A home theater receiver, or AV receiver, is similar to a traditional stereo receiver but has more channels and input and output capabilities to accommodate the additional speakers - usually at least five - that are a part of most home theaters. These five-channel receivers re-create the movie experience with all-out surround sound or with a more neighbor-friendly "night" setting that tones down the blasts and rumbles. If you plan to play DVDs, you'll need a receiver with Dolby Digital decoding, the audio standard for digital television.

The DVD player is here to stay, as the VCR is going the way of the eight-track tape player. Today's DVD players also play CDs, so consider a five-disc changer model. If you're still intent on getting a new VCR, consider investing in something other than bottom-of-the-line models. Your picture and sound quality will only be as good as what's coming out of the VCR. Look for a high-fidelity model that will deliver stereo sound.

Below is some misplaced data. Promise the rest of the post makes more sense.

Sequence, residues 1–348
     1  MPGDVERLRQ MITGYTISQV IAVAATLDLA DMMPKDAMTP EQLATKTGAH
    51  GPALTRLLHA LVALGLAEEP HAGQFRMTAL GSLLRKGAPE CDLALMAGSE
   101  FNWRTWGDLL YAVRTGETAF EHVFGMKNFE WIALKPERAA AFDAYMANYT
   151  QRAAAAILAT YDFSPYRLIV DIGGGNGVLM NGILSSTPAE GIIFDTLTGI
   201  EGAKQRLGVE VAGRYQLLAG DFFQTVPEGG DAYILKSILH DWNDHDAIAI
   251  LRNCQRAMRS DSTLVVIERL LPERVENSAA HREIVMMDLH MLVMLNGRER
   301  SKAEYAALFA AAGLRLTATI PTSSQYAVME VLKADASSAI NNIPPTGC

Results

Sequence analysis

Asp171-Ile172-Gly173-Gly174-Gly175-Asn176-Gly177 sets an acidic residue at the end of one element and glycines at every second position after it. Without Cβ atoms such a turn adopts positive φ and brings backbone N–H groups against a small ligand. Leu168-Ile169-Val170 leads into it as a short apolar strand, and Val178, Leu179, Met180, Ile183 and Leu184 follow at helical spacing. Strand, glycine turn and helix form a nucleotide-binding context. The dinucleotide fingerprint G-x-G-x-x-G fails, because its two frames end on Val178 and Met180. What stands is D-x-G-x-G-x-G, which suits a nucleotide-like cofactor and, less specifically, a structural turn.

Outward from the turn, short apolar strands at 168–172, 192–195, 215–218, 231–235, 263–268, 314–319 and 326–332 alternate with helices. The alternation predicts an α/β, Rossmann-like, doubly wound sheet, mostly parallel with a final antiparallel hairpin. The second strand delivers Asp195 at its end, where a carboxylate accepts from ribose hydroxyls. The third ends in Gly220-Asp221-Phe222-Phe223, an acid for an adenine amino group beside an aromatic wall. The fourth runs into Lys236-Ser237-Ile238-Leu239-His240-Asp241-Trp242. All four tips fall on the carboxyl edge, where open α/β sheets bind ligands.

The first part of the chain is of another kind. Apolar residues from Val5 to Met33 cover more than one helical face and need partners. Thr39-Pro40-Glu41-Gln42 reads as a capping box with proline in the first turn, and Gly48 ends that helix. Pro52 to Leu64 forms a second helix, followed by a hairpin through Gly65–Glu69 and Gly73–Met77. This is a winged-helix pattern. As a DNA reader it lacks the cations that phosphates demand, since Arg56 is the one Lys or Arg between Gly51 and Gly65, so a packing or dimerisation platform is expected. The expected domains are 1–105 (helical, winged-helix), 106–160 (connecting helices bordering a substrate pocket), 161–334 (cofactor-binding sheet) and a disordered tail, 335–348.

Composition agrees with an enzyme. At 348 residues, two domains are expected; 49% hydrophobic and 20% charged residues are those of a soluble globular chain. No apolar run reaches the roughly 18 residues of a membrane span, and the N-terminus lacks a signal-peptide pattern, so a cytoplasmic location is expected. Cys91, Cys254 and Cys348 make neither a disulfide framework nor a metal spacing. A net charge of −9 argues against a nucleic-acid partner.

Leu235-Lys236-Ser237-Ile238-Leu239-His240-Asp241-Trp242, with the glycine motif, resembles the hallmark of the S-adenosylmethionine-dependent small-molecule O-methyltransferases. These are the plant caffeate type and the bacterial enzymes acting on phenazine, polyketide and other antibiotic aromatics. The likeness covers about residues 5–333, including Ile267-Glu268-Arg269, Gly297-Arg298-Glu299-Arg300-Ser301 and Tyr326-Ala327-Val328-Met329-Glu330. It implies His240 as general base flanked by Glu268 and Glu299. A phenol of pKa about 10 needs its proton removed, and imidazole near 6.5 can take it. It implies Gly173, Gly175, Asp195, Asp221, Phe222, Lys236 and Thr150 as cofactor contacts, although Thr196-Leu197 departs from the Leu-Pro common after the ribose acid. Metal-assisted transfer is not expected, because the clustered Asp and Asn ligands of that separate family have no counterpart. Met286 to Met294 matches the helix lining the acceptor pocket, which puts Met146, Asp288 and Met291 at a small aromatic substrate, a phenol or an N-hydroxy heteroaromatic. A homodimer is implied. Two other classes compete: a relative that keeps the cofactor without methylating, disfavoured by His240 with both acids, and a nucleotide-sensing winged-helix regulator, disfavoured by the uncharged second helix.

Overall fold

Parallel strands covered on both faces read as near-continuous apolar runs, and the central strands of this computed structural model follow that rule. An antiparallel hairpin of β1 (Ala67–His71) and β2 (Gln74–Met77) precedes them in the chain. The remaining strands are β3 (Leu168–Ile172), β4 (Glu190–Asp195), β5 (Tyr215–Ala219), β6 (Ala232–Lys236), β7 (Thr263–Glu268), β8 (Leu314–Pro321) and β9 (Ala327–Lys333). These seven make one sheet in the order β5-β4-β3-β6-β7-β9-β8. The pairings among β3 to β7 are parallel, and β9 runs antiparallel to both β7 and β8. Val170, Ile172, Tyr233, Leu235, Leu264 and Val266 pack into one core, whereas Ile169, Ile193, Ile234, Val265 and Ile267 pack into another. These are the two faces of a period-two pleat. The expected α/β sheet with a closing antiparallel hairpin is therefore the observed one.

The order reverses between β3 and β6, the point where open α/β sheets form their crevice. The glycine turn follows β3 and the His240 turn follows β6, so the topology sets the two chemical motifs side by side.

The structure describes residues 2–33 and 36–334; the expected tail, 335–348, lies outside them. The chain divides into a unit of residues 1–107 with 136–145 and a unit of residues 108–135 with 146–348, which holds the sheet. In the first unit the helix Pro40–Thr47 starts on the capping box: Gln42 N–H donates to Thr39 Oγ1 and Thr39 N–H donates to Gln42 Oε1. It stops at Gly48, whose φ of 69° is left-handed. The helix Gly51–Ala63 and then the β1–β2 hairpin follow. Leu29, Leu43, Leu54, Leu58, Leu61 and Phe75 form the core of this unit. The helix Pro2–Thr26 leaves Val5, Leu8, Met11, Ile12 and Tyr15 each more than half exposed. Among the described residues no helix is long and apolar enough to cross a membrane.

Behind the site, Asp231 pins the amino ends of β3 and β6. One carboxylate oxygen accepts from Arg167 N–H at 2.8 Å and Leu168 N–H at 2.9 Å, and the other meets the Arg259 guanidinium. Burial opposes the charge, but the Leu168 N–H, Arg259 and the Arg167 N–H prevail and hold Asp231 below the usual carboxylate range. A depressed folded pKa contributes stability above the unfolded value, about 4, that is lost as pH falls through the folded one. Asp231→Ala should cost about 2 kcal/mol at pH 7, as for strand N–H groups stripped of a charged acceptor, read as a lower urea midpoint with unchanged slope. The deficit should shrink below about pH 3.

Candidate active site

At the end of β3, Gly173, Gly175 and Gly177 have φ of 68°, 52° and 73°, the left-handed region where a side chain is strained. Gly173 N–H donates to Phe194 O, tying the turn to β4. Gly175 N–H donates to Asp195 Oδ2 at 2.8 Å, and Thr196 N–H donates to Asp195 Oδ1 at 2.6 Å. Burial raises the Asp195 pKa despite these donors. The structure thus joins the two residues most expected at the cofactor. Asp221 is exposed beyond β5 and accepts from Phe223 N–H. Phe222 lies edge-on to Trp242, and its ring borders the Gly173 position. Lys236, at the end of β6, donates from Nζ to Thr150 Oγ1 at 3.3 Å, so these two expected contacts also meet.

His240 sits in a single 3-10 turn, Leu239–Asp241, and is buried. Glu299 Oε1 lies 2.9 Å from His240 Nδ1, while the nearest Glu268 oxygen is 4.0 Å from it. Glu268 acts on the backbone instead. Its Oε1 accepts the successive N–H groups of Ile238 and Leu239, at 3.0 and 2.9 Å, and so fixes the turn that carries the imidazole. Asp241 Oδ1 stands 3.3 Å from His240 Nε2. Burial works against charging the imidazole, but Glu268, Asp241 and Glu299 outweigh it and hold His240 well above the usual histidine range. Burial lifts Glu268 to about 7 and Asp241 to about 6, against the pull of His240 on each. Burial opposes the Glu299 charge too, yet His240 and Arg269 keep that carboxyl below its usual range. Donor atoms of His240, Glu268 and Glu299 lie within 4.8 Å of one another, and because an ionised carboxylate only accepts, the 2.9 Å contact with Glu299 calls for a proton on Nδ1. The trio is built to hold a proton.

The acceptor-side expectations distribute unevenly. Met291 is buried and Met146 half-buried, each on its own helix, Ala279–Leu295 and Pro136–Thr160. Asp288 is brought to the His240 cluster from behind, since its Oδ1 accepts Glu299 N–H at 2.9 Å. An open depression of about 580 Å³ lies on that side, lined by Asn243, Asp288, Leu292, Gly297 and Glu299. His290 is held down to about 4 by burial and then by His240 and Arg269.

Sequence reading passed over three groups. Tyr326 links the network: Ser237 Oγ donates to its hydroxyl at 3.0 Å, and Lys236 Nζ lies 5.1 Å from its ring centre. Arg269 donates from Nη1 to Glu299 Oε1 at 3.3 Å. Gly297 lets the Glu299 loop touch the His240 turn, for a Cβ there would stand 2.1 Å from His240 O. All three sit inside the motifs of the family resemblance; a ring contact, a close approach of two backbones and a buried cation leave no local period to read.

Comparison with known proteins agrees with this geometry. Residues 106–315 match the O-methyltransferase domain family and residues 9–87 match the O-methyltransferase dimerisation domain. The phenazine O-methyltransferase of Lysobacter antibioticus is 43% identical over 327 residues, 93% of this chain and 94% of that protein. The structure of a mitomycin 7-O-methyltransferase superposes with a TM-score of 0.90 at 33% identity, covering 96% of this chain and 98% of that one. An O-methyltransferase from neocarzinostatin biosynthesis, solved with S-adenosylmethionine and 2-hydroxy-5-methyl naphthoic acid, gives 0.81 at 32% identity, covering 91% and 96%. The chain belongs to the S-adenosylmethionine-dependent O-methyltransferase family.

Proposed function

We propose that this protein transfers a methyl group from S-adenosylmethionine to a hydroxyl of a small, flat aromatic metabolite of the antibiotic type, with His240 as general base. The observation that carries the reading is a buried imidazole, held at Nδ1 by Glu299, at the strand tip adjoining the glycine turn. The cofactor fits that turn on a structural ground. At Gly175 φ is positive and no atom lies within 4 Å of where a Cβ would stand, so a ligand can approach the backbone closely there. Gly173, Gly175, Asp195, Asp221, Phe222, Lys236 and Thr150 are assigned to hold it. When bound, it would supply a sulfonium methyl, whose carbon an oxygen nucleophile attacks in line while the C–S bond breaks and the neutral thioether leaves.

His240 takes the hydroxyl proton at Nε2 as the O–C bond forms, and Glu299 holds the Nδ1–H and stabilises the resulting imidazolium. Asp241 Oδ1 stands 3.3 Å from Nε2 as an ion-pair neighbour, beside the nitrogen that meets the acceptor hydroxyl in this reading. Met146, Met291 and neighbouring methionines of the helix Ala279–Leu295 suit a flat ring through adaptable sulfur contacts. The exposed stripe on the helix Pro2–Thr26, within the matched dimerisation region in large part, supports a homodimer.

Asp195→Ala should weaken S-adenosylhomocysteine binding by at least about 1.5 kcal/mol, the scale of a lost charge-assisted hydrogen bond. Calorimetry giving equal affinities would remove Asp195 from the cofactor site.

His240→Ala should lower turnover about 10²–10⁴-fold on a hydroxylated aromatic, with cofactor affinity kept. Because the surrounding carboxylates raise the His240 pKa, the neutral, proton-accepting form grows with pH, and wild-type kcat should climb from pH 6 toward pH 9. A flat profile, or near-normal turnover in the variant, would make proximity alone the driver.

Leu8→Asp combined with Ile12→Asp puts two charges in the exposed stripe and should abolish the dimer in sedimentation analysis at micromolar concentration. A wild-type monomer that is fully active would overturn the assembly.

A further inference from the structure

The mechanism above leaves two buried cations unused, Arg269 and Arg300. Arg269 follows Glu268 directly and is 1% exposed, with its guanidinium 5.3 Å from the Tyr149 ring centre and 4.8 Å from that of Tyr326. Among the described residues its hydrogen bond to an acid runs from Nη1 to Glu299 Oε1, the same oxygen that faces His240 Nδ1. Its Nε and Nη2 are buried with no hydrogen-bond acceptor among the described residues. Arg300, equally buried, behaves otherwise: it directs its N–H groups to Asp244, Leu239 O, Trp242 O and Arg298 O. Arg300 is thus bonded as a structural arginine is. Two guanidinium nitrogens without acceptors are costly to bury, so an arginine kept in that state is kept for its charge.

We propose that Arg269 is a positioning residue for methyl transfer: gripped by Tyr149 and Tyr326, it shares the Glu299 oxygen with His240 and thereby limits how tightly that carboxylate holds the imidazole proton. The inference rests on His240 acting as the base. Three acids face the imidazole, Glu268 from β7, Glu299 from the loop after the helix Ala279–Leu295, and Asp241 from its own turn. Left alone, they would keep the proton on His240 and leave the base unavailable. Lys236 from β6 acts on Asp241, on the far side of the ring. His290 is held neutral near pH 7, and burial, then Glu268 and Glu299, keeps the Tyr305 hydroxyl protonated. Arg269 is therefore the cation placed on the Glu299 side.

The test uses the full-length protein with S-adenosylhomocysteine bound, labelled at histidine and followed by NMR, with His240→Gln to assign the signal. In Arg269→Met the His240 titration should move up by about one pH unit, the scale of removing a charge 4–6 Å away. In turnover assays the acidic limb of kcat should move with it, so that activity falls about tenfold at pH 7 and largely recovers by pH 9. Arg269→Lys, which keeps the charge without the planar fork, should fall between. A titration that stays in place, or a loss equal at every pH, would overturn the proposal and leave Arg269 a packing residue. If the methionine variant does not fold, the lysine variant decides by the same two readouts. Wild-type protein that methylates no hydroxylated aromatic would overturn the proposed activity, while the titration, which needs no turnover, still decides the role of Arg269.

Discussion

Although most AV receivers have five channels, having eight speakers has become the norm in home theater: three front and four surround sound speakers, and a subwoofer. This is what really separates a true home theater system from a larger television set connected to a two-channel stereo receiver. The five channels allow the rockets seemingly to fly out of the TV, pass over your head, and explode behind the couch, and the subwoofer produces only the lowest of earthshaking sounds. The receiver and the speakers don't have to be made by the same manufacturers: Jensen recommends Tannoy speakers, while Wilson recommends Sony products. Whatever you choose, don't skimp on the speakers.